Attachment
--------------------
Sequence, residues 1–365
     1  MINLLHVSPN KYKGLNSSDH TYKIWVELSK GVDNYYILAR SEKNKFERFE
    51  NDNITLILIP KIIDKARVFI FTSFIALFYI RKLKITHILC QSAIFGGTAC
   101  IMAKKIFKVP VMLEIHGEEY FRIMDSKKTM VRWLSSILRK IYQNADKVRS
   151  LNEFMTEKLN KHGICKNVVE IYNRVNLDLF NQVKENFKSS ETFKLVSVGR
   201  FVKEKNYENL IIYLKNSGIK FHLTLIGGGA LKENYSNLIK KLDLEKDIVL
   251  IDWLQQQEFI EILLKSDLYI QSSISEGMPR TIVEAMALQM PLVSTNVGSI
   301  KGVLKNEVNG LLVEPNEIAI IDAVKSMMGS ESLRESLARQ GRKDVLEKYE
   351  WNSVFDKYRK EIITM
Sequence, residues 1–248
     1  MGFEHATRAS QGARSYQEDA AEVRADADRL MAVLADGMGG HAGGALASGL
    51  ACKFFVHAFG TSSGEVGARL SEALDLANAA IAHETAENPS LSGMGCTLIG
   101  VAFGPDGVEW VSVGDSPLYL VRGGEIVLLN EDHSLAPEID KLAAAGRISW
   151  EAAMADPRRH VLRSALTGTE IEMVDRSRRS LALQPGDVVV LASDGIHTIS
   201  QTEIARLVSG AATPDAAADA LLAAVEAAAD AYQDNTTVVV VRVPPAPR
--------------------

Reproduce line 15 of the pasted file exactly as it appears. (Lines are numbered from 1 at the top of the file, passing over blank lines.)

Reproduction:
   201  QTEIARLVSG AATPDAAADA LLAAVEAAAD AYQDNTTVVV VRVPPAPR